Exploring How Our Brains Shape Our Values

In this article excerpt, editors of " The Neurobiology of Values" introduce a new collection of articles that explores the intricate relationship between our brains and social behavior, aiming to integrate prosocial values into neurology research and practice. The original article, published in Frontiers, is available to view here.

A shot of a grandmother and her grandson embracing while sitting on the sofa, both smiling broadly.

In recent years, the study of neurology and its implications for health equity has undergone significant development and progress. As our understanding of the brain continues to evolve, there's a growing desire to better understand the biology of social behavior and to integrate prosocial values into neurology research and practice. As editors, our aim is to explore fundamental questions: What do we mean by "values," and how do they impact the brain?  The resulting collection of articles, titled "The Neurobiology of Values," takes a profound dive into how our brains shape and influence our values. This editorial aims to outline the main goals of the research in the collection, summarizing important discoveries and putting them into a broader perspective.

Social Engagement and Brain Health

In their perspective, “One step beyond the lab and clinic: “walking the dementia conversation,” Zegarra-Valdivia et al. take a bold step beyond the lab and clinic bringing together researchers, caregivers, and patients to "walk the talk" for dementia. This article not only shifts the focus from pathology to conversation but also emphasizes the importance of community engagement and real-world discussions in shaping our understanding of brain health and values.

Fitri et al. highlight the profound impact of empathy as a crucial skill in disrupting disparities in global brain health. This research advocates for a collective approach to address global mental health challenges, transcending geographical and cultural boundaries.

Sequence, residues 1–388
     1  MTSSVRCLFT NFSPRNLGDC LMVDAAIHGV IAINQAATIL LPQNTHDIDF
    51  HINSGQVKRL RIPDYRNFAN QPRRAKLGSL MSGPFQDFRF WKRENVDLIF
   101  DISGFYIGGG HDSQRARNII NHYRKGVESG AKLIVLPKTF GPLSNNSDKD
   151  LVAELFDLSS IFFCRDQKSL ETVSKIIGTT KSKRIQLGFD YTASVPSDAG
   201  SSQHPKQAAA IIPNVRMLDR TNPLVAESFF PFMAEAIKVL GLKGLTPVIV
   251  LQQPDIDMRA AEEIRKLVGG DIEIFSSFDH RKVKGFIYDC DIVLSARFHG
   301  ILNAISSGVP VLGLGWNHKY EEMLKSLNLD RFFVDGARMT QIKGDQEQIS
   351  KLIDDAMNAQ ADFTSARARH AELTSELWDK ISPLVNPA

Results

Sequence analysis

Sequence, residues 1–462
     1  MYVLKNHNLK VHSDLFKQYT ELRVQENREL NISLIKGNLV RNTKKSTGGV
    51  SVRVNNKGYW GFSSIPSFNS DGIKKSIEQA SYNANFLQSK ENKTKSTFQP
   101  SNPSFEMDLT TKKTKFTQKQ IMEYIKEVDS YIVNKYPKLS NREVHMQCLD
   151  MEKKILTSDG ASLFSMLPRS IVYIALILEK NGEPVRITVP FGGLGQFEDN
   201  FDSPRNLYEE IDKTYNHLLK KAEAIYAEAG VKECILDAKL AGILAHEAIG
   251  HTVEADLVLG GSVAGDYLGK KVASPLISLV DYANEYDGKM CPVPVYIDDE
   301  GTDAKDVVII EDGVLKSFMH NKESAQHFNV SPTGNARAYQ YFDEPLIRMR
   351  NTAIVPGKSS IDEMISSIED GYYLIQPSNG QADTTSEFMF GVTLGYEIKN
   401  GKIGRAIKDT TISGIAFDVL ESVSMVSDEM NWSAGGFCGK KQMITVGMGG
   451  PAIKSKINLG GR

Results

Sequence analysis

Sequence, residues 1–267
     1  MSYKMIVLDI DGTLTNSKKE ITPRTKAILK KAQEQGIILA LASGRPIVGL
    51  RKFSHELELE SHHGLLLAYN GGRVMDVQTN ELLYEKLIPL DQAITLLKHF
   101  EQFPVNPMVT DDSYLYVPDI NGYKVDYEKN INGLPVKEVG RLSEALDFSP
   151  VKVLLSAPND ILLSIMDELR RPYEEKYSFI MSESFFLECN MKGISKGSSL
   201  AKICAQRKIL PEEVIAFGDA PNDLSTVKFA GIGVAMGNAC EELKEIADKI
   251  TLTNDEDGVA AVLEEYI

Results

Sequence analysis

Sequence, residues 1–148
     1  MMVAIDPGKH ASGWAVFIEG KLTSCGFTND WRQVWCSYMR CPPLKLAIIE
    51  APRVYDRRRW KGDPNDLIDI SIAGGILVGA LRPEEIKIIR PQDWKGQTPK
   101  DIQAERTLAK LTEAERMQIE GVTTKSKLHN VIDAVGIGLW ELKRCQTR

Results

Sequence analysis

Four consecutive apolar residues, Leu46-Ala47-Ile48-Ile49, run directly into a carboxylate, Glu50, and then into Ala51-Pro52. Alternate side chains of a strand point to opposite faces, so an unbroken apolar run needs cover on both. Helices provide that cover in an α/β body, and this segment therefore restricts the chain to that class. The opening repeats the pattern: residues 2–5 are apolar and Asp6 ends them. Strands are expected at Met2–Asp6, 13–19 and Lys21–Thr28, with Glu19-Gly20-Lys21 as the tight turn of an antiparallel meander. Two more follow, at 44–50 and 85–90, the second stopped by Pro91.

Ibanez et al. pose a compelling question in "Can prosocial values improve brain health?" Here, the focus shifts to the symbiotic relationship between prosocial values and the well-being of the brain, holding promises for advancing preventative and intervention strategies.

Berendzen's exploration of social attachment as a window into the neural basis of prosocial values offers valuable insights into the emotional underpinnings of our social behaviors. This research contributes to the growing body of knowledge surrounding empathy, cooperation, and the neural substrates that facilitate prosocial behavior.

Cultural Perspectives on Brain Health

Stirland et al. invite us to consider the cultural basis of authenticity and leadership in brain health, prompting reflections on how cultural nuances influence cognitive well-being. The article further examines how societal values, when aligned with principles of respect and equity, contribute to overall cognitive health.

Hill-Jarrett invites us to explore "The Black radical imagination: a space of hope and possible futures," encouraging a departure from conventional perspectives. The cultural and social dimensions explored in this article inspire a reevaluation of the intersections between culture, identity, and brain health, challenging us to recognize the rich diversity of experiences that shape our values

Person-Centered Approaches in Brain Health

Merrilees et al. shift attitudes toward aging, dementia, and caregiving by using personal narrative to promote person-centered values. Through the integration of personal stories, this research transcends traditional academic boundaries, providing a humanistic perspective on brain health and values.

Kaczmarska adds a unique rhythm to the collection. Through the lens of dance, this research perspective not only offers insights into potential therapeutic avenues for those with dementia but also underscores the profound connection between embodiment and the brain. It highlights the significance of physical experiences in shaping our cognitive landscapes and the potential therapeutic benefits of embodied practices in promoting brain health and well-being.

This article excerpt is republished with permission from Frontiers, an open access publisher. See the full article | View Frontiers Research Topic